The physautotype process

The physautotype is produced using lavender dissolved in alcohol. When it was invented in 1832 by Niépce and Daguerre the emulsion was then applied to a silver plate and exposed in a camera obscura. It can also be done today.

Writer and photography / Matthew Kovacs

This post has taken me the better part of the last 8 weeks to complete, finding the time, messing around and experimenting on-and-off, and trying to come to some kind of conclusion.

The internet is good for a lot of things, but not for practical information on the Physautotype process – so hopefully this is useful to all you out there that stumbled across this page.

Brief overview

The physautotype process was one of the very first photographic processes, invented in 1832 in a collaborative effort between Niépce and Daguerre.
It involved covering a polished silver plate with a solution made up of alcohol and the resin from evaporated lavender oil, it was then exposed in the sunlight for hours (either contact printed or in-camera), then developed in the fumes of turpentine.

The (modern) physautotype process


  • Oil burner + so many candles.
  • Pure lavender oil.
  • 100ml denatured alcohol. You could probably get away with using methylated spirits (its typically 90% alcohol and 10% methylene so you can’t drink it).
  • Violin rosin.
  • Lots of sunshine, or a bank of full spectrum UV bulbs.
  • Glass plates.
  • Paper towel.
  • Contact printing frame.
  • Disposable container, ie – Chinese take-out etc.


  • Digital gram scales – so you can have some kind of accuracy.
  • Small measuring container – again, accuracy.
  • Syringes, make it easy for applying the solution.
  • Calcium carbonate, for cleaning the glass plates.

Love it or hate it, with no real reference information or equations to go by, this is how I devised my physautotype results.
There are a couple of different ways you can tackle 2 of the steps, ie – evaporated lavender oil resin OR violin rosin, sunlight OR UV bulbs.
A note before you even start, this isn’t really a process you can just crank out in a day. If you choose the lavender oil method, you could be evaporating oil for 5 days before you even get to go onto the next step.
Not for the impatient!

– Evaporate lavender oil until you get 1.5grams of resin, OR melt down 1.5grams of violin resin
– Mix above choice with 100ml of denatured alcohol
– Clean glass plate
– Coat glass plate with solution and dry
– Place glass plate in contact printing frame with negative
– Expose in sunlight, OR expose under UV light
– Develop in fumes from mineral turpentine

1Evaporating the oil – choose option A or B
Option A
Get yourself an oil burner from the local $2 shop.
They’ll also sell lavender oil, read the label carefully though, most likely it won’t be pure lavender oil, it will have some type of carrier oil, this will greatly increase the volume of oil you need to reduce.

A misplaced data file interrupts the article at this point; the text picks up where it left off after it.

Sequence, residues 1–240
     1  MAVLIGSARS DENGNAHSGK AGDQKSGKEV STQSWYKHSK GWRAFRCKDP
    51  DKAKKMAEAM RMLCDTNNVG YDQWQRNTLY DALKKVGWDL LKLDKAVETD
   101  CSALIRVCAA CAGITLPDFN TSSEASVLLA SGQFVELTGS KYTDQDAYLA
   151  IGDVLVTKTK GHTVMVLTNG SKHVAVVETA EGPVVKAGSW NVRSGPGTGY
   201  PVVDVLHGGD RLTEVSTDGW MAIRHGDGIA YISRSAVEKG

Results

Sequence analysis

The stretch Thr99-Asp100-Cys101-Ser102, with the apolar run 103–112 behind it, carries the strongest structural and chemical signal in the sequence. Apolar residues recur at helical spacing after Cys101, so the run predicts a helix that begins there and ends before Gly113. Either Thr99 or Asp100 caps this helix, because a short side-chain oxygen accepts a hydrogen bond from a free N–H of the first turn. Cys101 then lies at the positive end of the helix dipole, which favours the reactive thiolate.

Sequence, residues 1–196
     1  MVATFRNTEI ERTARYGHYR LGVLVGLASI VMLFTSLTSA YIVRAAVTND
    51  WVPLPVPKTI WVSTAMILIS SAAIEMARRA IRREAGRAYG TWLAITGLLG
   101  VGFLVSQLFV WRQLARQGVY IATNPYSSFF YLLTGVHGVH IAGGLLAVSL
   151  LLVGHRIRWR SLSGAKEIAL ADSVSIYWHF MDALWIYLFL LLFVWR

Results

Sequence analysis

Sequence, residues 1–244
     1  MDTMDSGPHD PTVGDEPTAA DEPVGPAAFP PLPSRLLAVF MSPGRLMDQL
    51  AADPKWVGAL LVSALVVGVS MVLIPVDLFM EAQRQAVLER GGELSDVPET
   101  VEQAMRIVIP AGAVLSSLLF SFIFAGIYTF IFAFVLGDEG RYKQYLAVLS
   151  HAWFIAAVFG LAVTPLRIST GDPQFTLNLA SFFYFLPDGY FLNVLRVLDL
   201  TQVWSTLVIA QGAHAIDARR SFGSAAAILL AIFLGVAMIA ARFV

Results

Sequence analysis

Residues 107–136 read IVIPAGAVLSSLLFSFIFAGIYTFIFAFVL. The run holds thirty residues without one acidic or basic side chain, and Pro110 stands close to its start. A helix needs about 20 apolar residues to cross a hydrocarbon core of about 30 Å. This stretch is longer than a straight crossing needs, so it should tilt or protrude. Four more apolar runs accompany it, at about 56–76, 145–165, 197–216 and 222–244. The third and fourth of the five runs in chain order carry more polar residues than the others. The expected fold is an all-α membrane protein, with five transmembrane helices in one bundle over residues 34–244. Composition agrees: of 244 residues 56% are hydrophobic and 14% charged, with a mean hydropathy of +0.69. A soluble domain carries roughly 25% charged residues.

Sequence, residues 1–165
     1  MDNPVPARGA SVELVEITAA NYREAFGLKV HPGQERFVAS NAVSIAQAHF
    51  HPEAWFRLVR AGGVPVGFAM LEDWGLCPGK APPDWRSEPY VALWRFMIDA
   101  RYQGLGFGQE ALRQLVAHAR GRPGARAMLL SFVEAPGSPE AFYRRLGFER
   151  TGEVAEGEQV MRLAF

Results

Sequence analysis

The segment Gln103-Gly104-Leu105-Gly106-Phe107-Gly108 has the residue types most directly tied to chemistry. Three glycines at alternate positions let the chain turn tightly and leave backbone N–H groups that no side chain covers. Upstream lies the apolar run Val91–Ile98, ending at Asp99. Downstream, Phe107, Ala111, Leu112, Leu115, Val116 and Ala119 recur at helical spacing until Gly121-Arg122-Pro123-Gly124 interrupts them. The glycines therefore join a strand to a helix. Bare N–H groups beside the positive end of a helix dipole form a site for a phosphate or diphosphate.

Start evaporating your oil. The aim is to end up with 1.5gm of resin so we can make a 1.5% solution.
You really won’t see any sign of resin until right near the end when the oil is almost completely gone.
Bit-by-bit, I used 75ml of the cheap stuff and it WAS NOT enough to reach the 1.5 grams.
In between work and sleep, that also took around 3 days to evaporate. Throw in a new candle and some more oil whenever you see its almost empty.
Unless you want every square inch of your house to smell like lavender, do this outside somewhere.
Try and bring your candle up closer to the top of the burner to really set the thing off, otherwise it’s going to burn nice and slow and take even longer.
The picture at the bottom shows what I was left with after days of burning.

Option B
Get yourself some violin rosin instead of lavender oil. Find it on ebay, $3 posted.
Break off 1.5 grams.
Melt it down in the burner.

2Mix the solution
Get 100ml of denatured alcohol.
If your lucky a pharmacy might sell you this, otherwise a science supply place, otherwise just use methylated spirits which is available everywhere.
I use syringes for all my small measuring and applications, they’re neat, tidy, and convenient. Again, Ebay or the pharmacy.
Mix some of your 100ml of alcohol with your resin, then suck it back up in and mix it with the rest of the alcohol.
You now have your working solution!

3Cleaning the glass
Possibly the hardest/most annoying part of the whole process, you need to should, get your glass chemically clean.
No oily residues, dust, fingerprints, nothing. ‘Straight out of the pack’ isn’t clean enough.
I use the clip frames from Ikea for glass in all my processes, they’ve got nice beveled edges and a pack of 4 is $2.
If you’ve never cleaned glass before, just watch a YouTube vid or three and you’ll get the hang of it.

Get some calcium carbonate on Ebay.

Mix equal parts, calcium carbonate, distilled water, alcohol. ie, 25gm calcium, 25mls water, 25mls alcohol.

Start scrubbing.

4Coating the plate
Once the glass is clean, you are ready to coat the plate.
3ml of solution will easily cover a 6×4 inch plate.
Hold the plate with your fingertips from underneath, almost perfectly horizontal, like a waiter would hold a tray (not by the edges as in this photo), pour your solution onto the plate, then rock the solution around until it runs to each corner.
If you’ve never poured a plate before, this will take some practice.
Once you get the hang of it, you’ll be able to pour off the excess back into your bottle.
Initially, let the plate dry almost dead flat. This will stop the solution running away and keep good coverage.